If you try different wines, you are bound to figure out which wine you like! We are in the throes of winter in South Africa. The Western Cape is not getting enough rains, when this is the rainy season. A cold front has just gone through Joburg, and not too long ago, the clouds sneezed and sprayed us with rains that the Western Cape would have happily taken. Strange times, and strange weather, but the cold is not a shy participant in our theatre. So you might find it odd that in and amongst all this, I bring you a chilled white wine today. The Foundry Viognier 2013 is the wine we tasted late in April 2017, and if like me you pair it with a curry dish, you may want to give it a try now anyway. I picked up this bottle at Caroline’s Fine Wine Cellar, in the very month that we drank it. Some wines seem to linger in the shadows, waiting for you to discover them.
Ironically, the day I bought the wine, it was raining in Cape Town. On the night we had the wine though, there was a chill in the air, perfect setting for a fish curry to pair with the The Foundry Viognier. Unlike the Ken Forrester Viognier, that I shared with you on the Wine With Friends Blog, this Viognier was matured in French Oak barrels for seven months. I knew nothing about the wine when I picked it up, and the only reference point I had was being told that it was made by the same winemaker from Meerlust. I have not verified that.
The website is under construction, with a black and white image of a workshop scene on a farm somewhere, being the first thing I noticed. I did not know that a foundry is a factory or workshop for casting steel, so the image and name now make sense to me. By contrast the image of two bottles of wine on the website is in colour, one a bottle of the Foundry Granache and the other the Foundry Roussanne. “Award Winning South African Wines”, but no sight of the Foundry Viognier.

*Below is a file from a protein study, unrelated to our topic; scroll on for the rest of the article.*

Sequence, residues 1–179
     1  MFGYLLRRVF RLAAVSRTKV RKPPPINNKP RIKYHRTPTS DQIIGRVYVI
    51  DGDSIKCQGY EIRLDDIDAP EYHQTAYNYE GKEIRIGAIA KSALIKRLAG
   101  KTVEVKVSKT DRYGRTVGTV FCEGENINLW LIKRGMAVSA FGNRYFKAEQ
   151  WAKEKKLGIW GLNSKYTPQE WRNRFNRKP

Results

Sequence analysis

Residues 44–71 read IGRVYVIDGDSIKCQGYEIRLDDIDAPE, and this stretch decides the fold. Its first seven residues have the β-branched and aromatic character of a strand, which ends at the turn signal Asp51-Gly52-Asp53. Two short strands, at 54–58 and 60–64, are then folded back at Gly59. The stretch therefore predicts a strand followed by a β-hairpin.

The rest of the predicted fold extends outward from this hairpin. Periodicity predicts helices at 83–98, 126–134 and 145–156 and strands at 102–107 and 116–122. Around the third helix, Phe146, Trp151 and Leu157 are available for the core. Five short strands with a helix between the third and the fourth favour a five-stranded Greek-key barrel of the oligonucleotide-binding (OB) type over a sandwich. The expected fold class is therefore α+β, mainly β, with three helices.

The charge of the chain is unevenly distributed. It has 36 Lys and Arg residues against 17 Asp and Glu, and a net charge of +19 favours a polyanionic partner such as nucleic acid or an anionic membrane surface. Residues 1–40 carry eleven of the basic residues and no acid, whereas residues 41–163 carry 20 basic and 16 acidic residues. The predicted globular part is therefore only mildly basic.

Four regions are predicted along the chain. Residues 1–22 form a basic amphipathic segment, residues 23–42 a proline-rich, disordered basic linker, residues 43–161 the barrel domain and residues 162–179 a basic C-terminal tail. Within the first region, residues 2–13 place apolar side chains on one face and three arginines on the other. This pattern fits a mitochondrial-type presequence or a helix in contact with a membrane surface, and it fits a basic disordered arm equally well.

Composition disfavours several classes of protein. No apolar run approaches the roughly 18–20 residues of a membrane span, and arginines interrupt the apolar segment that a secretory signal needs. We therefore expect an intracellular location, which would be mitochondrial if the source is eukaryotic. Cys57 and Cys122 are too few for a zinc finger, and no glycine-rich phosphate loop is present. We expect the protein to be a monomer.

As per custom, I had poured our wine, and I was waiting for my wine club member so we officially had a quorum to taste for our tasting notes. Chomba was busy debating with Jordan whether Jordan should be using little oil or lots of oil to pan fry the poppadom to go with the fish curry I had already made. I was charmed by the golden colour of the wine in the glass, and I figured the debate might take a little bit longer than I had the discipline to wait for. I thought if I sneak in a taste nobody would notice.
“Oooooohh,” I exclaimed, and that caught Chomba’s attention. That gave my ‘sneak in’ drink away. Her facial expression seemed to disapprove of me starting without her, but she chose to rather engage the wine than me. “Looks like a Chardonnay,” she said, as she eyed and raised her glass towards me. Cheers… It really did look like a Chardonnay, with the rich gold colour in the glass.
What’s interesting is, today, as I was writing this blog post, I did a Google search on the wine, and a couple of tasting notes from people who drank this vintage in 2015, claimed the colour was pale. Do not underestimate how wine changes over time, not just in aromas, taste and flavours but in colour. White wine with age, has a colour shade that becomes more intense. It was an aromatic wine in every sense. Not at all a simple one dimensional scent for the nose. Floral, fruity, peachy in fact, all in concert like notes in harmony.
My second sip, officially the first one for the tasting, this time was not flowing with the floral and fruity nose. It was a little subtle, with more minerality than the nose had hinted. I had experiences of citrus flavours in my mouth dominating the first glass without dinner. I’ll tell you one thing, this was a surprisingly complex wine. Full body, but not heavy. It was well rounded on its own and a mighty star when paired with the fish curry. It was almost as if the wine would change by the glass, starting with citrus flavours, then being more tropical fruit when I was having the wine with dinner.
The wine was a definite HIT for me. As for dinner, the poppadoms were pan fried in not so little oil. I had used Kingklip cutlets for the fish curry, and we had some rice to go with it. I am intimidated cooking fish, but this curry is one of those where I follow the recipe and I get it spot on. It’s a Jamie Oliver recipe I found in his magazine. I learnt the idea of pairing curry with Viognier from the Swirling Dervish and I have enjoyed it as a party trick since. I on the other hand, need to know the people at The Foundry better and taste more of their wine! This wine is not a work in progress, it sure is a good finish.